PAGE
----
In one embodiment of our invention, we take a vessel which has been freshly lined with concrete by any of the common methods, and introduce into the vessel carbon dioxide in sufficient quantity to neutralize the layer of calcium hydroxide on the surface of the concrete, thereafter sealing the vessel and curing the concrete out of access to outside air. A convenient method of introducing the carbon dioxide is to insert a pellet of Dry Ice into the vessel immediately after the liner is formed and promptly thereafter corking the openings of the vessel so as to provide an air seal. The closed vessel brings about a cure of the concrete under moist conditions, giving time for calcium aluminum silicates to form, and the slow recrystallization thus accomplished produces a sturdy liner for the vessel. At the same time, the atmosphere containing a substantial volume of CO produces an insoluble layer on the inside, consisting principally of calcium carbonate, thus reducing hardness, alkalinity and milky exit water.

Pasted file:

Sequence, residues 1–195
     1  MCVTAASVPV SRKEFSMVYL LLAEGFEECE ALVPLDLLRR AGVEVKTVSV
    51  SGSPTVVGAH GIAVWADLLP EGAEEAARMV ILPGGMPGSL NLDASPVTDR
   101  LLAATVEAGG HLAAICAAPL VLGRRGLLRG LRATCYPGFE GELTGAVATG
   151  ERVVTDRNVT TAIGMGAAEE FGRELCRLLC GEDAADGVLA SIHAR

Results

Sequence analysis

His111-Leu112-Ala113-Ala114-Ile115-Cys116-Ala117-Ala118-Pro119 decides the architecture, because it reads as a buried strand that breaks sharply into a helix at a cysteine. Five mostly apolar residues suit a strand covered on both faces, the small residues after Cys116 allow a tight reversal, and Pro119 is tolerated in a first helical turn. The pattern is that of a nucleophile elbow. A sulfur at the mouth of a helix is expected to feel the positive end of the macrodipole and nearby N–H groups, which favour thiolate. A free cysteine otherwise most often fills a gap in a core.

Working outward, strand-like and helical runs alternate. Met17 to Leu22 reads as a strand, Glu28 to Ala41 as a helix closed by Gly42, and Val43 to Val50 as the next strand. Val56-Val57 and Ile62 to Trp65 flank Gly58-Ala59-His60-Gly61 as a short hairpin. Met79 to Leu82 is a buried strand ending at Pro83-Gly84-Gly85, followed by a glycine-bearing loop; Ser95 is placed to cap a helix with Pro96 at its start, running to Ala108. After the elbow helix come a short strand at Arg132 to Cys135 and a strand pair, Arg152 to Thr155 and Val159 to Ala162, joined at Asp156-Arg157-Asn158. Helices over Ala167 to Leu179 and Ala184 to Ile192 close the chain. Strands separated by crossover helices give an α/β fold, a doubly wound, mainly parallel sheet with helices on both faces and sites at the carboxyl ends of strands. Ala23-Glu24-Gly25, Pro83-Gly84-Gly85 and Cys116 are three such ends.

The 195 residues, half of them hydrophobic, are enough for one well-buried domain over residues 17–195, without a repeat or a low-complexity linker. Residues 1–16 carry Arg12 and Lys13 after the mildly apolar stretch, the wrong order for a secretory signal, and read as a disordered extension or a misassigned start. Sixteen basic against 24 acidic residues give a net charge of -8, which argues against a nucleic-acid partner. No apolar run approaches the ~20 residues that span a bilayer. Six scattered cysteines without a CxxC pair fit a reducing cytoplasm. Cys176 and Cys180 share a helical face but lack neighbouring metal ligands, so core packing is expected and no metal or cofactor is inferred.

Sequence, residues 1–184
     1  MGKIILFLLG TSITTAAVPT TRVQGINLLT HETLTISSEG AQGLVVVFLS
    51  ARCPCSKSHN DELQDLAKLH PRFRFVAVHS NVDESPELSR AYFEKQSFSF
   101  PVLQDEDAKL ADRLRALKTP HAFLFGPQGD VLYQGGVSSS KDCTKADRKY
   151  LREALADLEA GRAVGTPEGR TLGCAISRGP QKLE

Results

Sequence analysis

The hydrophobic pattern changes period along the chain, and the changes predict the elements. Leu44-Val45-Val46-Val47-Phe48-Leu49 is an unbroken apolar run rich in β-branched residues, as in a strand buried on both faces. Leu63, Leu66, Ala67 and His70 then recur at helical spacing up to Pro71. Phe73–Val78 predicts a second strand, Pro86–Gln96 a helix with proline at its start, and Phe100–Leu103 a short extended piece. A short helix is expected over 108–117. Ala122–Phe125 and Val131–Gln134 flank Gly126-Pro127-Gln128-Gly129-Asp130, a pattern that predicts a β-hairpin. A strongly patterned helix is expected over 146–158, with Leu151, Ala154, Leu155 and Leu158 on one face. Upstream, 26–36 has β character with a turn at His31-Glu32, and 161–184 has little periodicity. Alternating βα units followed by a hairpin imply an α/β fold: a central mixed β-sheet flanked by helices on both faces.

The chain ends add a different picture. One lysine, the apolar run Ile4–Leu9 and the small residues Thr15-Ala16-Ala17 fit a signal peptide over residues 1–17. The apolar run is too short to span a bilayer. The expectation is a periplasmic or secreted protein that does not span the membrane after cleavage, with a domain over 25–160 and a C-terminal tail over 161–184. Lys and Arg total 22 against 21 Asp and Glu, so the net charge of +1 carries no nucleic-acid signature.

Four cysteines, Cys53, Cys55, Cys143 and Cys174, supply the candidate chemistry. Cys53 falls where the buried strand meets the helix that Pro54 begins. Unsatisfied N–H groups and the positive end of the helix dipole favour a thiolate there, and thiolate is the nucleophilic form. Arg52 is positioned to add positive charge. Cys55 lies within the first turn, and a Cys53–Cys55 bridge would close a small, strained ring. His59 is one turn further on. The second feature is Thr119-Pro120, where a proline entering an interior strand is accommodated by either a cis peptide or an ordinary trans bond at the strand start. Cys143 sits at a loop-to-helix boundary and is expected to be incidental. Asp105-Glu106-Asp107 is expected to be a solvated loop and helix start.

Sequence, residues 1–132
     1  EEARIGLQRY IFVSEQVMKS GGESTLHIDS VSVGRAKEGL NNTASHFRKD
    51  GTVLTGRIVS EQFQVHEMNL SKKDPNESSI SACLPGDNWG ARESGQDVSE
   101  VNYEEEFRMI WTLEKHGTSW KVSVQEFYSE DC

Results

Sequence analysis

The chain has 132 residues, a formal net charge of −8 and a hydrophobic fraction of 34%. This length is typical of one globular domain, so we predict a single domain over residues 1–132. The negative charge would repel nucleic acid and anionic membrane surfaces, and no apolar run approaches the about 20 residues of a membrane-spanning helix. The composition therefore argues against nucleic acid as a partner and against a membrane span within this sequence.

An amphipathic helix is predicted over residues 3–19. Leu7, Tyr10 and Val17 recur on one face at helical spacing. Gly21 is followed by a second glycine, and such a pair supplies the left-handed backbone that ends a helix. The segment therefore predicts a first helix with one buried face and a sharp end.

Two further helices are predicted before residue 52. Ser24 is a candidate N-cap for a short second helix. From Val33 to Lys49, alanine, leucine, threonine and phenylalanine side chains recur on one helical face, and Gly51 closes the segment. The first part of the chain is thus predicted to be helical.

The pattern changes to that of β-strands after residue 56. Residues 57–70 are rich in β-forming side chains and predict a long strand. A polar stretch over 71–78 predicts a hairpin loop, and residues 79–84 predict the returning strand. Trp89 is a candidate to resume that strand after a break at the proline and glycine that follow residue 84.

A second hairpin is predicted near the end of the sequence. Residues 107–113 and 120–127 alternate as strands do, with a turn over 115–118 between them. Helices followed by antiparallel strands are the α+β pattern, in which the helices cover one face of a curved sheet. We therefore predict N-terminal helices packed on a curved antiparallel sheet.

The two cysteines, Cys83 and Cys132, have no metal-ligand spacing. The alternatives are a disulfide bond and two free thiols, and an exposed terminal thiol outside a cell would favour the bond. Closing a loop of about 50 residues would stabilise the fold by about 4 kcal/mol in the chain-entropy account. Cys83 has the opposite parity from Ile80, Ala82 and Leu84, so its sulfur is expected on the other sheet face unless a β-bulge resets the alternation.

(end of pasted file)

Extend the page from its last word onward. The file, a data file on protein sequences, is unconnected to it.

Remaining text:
As a specific example of the embodiment described, the following operation may be set out: The vessel, such as, for example, a water heater shell, which is provided with openings such as an inlet opening and a drain opening and sometimes with inspection openings, is provided with a concrete mixture adapted to form the liner within the vessel. This mixture may consist of Portland cement, said, water, etc., and after the mixture is introduced into "ice the tank, the tank assembly is placed upon a spinning machine and secured in position, the openings being sealed. The tank is then rotated at an rpm. which will result in a peripheral speed of, say, 3,000 feet per minute, for 15 seconds, after which time the tank may be vibrated, as by hammering the outside walls of the tank as the tank continues to spin. The rotation of the tank may then be stopped, the plug from the drain opening removed, and the sludge allowed to run off. The plug may then be replaced and the spinning drive started again and the tank hammered or vibrated as it is spinning, the drain plug again removed and the residue drawn of. A Dry Ice pellet, or several pellets, may then be introduced into the tank and the tank sealed so as to exclude air from the interior.